Slugs – Garden Pest

Elvis Elvis

About Slugs

Slugs are really pretty disgusting little creatures that love to feed on the plants in your yard or gardens. They eat large ragged holes in the leaves of your plants and can also completely consume young seedlings. Slugs go into action and begin feeding early in the spring and will continue to do so throughout the growing season until the first frost.

Slugs have both the male & female sex organs and each carry eggs in their own bodies. They can lay up to 300 eggs at any time but do so mostly in the spring or fall. The eggs come in clusters of 25 and hatch in about 30 days. If conditions are not just right the eggs will remain unhatched until conditions are just right.

In little time these slimy creatures can multiply and become a real problem. Slugs reach adult size in 3-12 months and can live for several years. Although they need substantial moisture, they are survivors and can burrow as deep as 3 feet into the soil to make it through a drought period.

There are many methods for controlling slugs. One popular slug buster is the use of beer. Really, they love the fermentation and will drink, become intoxicated, and drown. And believe it or not, they have a preference in their beers. The top 3 according to a study by Colorado State University are: #1- Kingsbury Malt Beverage; #2- Michelob; #3- Budweiser.

Slugs   Garden Pest

Slugs   Garden Pest

There are 40 + species of slugs in the United States. Three of the more common types of slugs that can do damage in your gardens are:

#1- Common Garden Slug: This is a 1 inch dark skinned slug with a light stripe along its side. It likes to borrow into the soil and feed on root crops.

#2- Grey Field Slugs: This slug is grey to tan in color and had dark spots with a light colored belly and a dark streak down the middle. It is about 1-1.2 inches long and prefers lettuce, cabbage, and nearly anything.

#3- Black Slugs: These are large at up to 6 inches long. They have rough bumpy skin, a light colored foot, and are mostly black but can also be brown or red. They prefer tender seedlings and leave more mature plants alone.

Slugs travel by means of a large foot that glides over a trail of mucus slime that is secreted from glands located under their head (sounds like something from a scary movie). The slime produced provides a cushion over rough areas. The slime also acts as a trail marker for the slug so they can return to their favorite feeding and hiding places.

During the daytime slugs seek protection from the sun and heat in cool damp locations including under leaves, stones, boards, flower pots, and other such spots. There are many ways to effectively remove or get rid of slugs from your yard or gardens. Usually a combination approach is best.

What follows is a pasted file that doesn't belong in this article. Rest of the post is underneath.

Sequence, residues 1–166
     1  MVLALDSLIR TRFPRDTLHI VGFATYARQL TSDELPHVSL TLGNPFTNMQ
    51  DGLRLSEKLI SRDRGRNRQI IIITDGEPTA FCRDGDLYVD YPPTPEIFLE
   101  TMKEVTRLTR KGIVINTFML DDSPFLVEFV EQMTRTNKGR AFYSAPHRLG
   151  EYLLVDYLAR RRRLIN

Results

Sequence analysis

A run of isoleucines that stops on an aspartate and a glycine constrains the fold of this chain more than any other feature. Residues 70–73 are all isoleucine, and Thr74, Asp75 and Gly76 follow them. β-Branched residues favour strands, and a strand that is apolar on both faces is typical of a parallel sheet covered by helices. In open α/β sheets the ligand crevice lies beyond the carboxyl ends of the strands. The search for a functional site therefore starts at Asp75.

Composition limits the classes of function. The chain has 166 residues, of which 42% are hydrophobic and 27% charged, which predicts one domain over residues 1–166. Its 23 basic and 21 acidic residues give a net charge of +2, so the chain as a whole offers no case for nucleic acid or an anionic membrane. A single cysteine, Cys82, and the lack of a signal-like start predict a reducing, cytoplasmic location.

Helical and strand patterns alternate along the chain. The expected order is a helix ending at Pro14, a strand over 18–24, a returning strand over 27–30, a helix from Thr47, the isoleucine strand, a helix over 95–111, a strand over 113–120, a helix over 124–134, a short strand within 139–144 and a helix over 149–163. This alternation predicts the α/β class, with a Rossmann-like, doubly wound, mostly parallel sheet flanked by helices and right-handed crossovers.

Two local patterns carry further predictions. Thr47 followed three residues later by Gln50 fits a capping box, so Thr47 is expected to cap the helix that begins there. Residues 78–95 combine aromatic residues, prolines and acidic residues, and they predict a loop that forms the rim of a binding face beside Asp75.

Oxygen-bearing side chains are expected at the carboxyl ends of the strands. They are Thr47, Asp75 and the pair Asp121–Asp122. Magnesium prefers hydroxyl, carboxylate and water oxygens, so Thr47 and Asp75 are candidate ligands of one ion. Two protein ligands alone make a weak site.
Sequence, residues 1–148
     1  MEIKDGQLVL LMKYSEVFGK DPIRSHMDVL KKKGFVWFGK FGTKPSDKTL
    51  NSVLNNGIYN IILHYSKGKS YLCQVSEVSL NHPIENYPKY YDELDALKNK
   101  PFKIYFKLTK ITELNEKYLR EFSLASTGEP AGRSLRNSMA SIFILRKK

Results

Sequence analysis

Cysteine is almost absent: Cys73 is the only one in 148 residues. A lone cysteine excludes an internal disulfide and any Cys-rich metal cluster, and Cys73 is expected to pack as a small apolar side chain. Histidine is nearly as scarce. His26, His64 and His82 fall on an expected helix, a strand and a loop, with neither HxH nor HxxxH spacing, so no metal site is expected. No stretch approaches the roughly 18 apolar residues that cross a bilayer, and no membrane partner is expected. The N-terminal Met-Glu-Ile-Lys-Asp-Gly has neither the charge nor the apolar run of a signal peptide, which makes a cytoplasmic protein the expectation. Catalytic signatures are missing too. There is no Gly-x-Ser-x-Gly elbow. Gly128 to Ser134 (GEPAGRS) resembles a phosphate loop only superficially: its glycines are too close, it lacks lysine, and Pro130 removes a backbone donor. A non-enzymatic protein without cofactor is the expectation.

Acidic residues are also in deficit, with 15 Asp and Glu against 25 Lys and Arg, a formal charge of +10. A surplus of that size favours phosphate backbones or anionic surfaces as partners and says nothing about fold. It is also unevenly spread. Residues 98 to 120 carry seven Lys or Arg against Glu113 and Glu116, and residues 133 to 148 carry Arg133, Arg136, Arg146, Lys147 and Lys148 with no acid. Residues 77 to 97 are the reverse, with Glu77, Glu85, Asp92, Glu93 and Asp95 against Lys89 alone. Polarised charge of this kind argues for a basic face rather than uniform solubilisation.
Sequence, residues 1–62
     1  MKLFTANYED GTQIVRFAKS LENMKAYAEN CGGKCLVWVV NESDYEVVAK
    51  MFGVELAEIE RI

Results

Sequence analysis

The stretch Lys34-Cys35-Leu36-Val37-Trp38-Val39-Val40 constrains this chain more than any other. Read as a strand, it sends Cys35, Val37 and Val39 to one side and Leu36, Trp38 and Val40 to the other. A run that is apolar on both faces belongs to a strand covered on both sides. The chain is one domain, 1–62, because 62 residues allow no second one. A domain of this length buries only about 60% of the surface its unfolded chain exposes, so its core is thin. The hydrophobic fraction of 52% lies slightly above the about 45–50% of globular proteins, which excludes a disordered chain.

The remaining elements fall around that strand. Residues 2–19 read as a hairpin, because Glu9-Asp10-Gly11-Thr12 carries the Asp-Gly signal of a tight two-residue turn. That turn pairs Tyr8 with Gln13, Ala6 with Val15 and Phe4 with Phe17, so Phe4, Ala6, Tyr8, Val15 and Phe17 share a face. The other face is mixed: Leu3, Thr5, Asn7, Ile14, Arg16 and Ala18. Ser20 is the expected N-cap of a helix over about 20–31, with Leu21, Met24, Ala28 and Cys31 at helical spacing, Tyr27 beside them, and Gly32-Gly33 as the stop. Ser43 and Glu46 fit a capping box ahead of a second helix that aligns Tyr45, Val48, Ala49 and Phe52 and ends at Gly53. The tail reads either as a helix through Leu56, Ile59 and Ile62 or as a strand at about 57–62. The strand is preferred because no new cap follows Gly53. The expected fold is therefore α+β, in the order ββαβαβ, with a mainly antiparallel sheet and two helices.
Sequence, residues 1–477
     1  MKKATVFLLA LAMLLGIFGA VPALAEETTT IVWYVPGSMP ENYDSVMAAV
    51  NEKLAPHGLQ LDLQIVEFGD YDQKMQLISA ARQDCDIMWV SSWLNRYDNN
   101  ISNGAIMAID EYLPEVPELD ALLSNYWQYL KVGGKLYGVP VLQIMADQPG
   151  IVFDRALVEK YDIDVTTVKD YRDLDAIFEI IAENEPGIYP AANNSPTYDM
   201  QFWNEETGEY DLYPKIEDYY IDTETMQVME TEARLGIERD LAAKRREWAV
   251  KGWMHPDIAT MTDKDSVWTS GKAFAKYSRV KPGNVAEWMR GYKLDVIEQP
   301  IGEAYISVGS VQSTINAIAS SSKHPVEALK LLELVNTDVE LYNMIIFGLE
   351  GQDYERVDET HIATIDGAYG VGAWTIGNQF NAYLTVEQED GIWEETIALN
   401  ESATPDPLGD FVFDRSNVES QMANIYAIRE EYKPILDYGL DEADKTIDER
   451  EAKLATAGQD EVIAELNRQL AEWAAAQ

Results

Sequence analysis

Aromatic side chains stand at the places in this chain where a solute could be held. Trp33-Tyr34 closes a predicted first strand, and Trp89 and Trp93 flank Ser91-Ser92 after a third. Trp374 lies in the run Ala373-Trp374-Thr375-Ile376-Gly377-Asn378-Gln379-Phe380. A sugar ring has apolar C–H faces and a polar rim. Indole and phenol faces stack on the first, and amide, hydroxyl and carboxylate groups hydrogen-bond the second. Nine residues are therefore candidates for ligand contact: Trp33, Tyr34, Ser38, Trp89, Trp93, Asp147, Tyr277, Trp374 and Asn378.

A few of the ways to control slugs are:

  • Disrupt their slime trails
  • Eliminate their hiding places
  • Create dry conditions
  • Create barriers to entry
  • Use of Chemicals (sprays & dust)
  • Introduce natural predators
  • Use of slug traps
  • Hand removal

Slug Control Methods

Barrier examples include:

Copper Strips: For some reason the copper will give slugs a jolt of electricity and repel them. Make sure the strips are at least 2 inches wide for best results.

Hair & Fur: These materials tend to entangle the slugs and eventually strangles them.

Sharp, hard Textures: Lava Rock, Sandpaper, Shingles, Eggshells, Builders Sand, Nut Shells, and Pine Needles. Any hard sharp product that cuts the slugs as they travel.

Certain Plants: Certain plants are slug proof including: Chicory, Azaleas, Basil, Daylilies, Daffodils, Evergreens, Fennel, Foxglove, Garlic, Holly, Mint, Parsley, Pumpkins, Sage, and Sunflowers.

Predators to Slugs include:

* Ground Beetles, Toads, Frogs, Lizards, Turtles, and Garter Snakes.

* Blackbirds, crows, ducks, owls, robins, and others.

Sprays & Dust include:

Iron Sulfate: Kills slugs on contact with a mix of 2 teaspoons of iron sulfate to 2 quarts of water.

Ammonia Spray: Mix 3 ounces of ammonia to 16 ounces of water for the best formulation.

Talcum Powder or Flour: Dust your plants with this.

Isopropyl Alcohol: Mix 8 ounces of 70% rubbing alcohol with 1 quart of water and spray onto plants. Be careful because some plants are sensitive to this.

Slug Traps:

Beer Traps: Put beer into a container and leave out in garden. The slugs will become drunk and drown. Note: Put some escape twigs into the trap so beetles can climb out.

Crop Leaves: Use all sorts of leaves including lettuce to catch slugs and then to dispose of them.

Boards: Use flat pieces of lumber and pull them off each morning by hand.

Slugs are slimy creature that will eat your plants and multiply quickly. Get control of them early to avoid the extra mess and hassles.